Severe storms have dumped torrential rain on southern Queensland, but the worst is yet to come, with the chance supercells will produce giant hail and even tornadoes later today.
A broad cluster of cells brought heavy rainfall to the Darling Downs and the south-east overnight and this morning, with totals closing in on 100 millimetres over the southern Gold Coast hinterland and Brisbane bayside suburbs.
The cluster broke up late on Thursday morning, but a second round of storms is likely to erupt again this afternoon.
A broad area from the NSW border to southern Capricornia and west to the Maranoa are in the firing line, with a potential for supercell activity in the south-east corner, including destructive winds and even giant hail.
Bureau of Meteorology forecaster Shane Kennedy said there was an "outside chance" of tornadoes forming in inland areas like the Darling Downs.
"It's a very low chance overall," he said.
"You certainly could see some of those very dangerous thunderstorms with those higher-end phenomena, including destructive wind gusts and giant hail ? that's hail five centimetres or more ? [and] intense rainfall.
"[It's] more likely to be those inland areas today and any that occur should be quite isolated so it'll only be a few places potentially in the firing line.
"But ? I certainly couldn't rule out a tornado or two today."
Mr Kennedy said the "danger zone" is likely to be west from Brisbane.
"So in the Darling Downs, Lockyer Valley and then up into the Wide Bay and Burnett, sort of around Kingaroy and Gayndah," he said.
"It's still expected to be the primary danger area, but it certainly could be anywhere south of Rockhampton today could be the main danger zone.
"[We're] expecting those to track east so anything that gets going further west does have a potential to track through the Brisbane suburbs in the afternoon and evening today."
Queensland's Emergency Services Minister Mark Ryan said there were three swift water rescue crews ready to respond in the Ipswich, Beenleigh and Gold Coast regions.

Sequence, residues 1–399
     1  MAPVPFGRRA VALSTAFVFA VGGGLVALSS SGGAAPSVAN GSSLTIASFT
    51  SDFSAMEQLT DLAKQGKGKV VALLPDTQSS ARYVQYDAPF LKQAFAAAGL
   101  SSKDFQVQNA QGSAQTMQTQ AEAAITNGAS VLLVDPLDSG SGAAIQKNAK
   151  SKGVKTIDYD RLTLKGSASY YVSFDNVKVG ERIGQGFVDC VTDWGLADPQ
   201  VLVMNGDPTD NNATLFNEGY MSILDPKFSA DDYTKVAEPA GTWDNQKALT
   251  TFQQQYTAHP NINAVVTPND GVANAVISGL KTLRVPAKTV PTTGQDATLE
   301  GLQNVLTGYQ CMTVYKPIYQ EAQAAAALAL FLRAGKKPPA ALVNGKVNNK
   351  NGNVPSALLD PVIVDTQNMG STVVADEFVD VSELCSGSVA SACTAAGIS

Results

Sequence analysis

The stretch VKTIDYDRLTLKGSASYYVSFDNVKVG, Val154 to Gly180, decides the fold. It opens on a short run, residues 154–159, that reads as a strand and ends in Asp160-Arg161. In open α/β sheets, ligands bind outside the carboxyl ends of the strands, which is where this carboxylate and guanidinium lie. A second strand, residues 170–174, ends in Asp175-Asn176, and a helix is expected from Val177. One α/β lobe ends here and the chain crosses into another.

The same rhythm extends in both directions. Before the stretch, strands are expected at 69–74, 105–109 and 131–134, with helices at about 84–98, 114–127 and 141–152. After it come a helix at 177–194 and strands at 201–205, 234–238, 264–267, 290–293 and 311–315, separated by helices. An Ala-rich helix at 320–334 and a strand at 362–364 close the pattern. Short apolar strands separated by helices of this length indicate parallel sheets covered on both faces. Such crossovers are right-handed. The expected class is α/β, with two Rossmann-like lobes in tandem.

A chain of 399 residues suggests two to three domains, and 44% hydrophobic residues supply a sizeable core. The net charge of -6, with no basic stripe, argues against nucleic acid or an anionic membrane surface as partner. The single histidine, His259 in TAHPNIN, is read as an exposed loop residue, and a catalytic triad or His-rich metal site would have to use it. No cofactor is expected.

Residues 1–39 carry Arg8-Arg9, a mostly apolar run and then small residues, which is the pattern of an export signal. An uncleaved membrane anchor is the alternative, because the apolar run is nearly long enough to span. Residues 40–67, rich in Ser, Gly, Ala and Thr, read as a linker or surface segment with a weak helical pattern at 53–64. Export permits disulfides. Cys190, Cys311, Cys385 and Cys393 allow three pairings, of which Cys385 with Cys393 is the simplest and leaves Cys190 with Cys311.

"Also all regions have additional capacity to stand up additional swift water resources should conditions worsen," he said.
The BOM said the system is expected to be slow moving and could potentially hang around the coast until Friday morning, before dispersing and bringing the risk of storms inland and "parcels in the north-east as well".
"There's still a potential for severe storm risk during the first part of Friday about the south-east until that trough moves through, and then we get this drier air following," senior metrologist Felim Hanniffy said.
Storm right on cue
Mr Hanniffy said the storm would be "right on cue" for south-east Queensland for this time of year.
"October is essentially the start of the severe weather season, so historically it's the time of year when you start to see this type of setup and this kind of potential for severe storms," he said.
He said today's storm would be comparable to the one that hit the region on Halloween last year.
"Last year as well we had quite a bit of storm activity, particularly through October and early November and you might remember on Halloween there were really significant hailstorms about the south-east as well."
That storm caused significant damage to homes in Brisbane's west.
Fire risk this weekend
The BOM is predicting temperatures will rise after the storms clear.
Sadly, the prospect of a sunny weekend brings with it potentially "elevated fire dangers".
The weather change poses fire risks, in particular around the south-east.
"Potentially you could see some severe fire danger as well, which would trigger a fire weather warning," Mr Hanniffy said.
He said the three factors of drier air flow, gusty winds and warmer temperatures "really bring in those elevated fire dangers".
"Particularly during the second half of Friday, post that trough, and also on Saturday as well, given that you'll still have those breezy westerly conditions around."
Dam unlikely to see consistent rainfall
With the threat of water restrictions hanging ominously over the region, the water levels of the Wivenhoe Dam are unlikely to see significant change due to the storm.
Mr Hanniffy said despite the dam receiving good rainfall on Tuesday, and the chance that it "could see some locally heavy falls" today, this was not the type of weather that could drive real rises.
"Storm activity tends to be a bit more localised rather than when you have a more widespread rain event like we had earlier [this month], so it's going to be pretty sporadic in nature.
"There will be a couple of falls, probably not enough to have any meaningful effect on the Wivenhoe dam."
© ABC 2021
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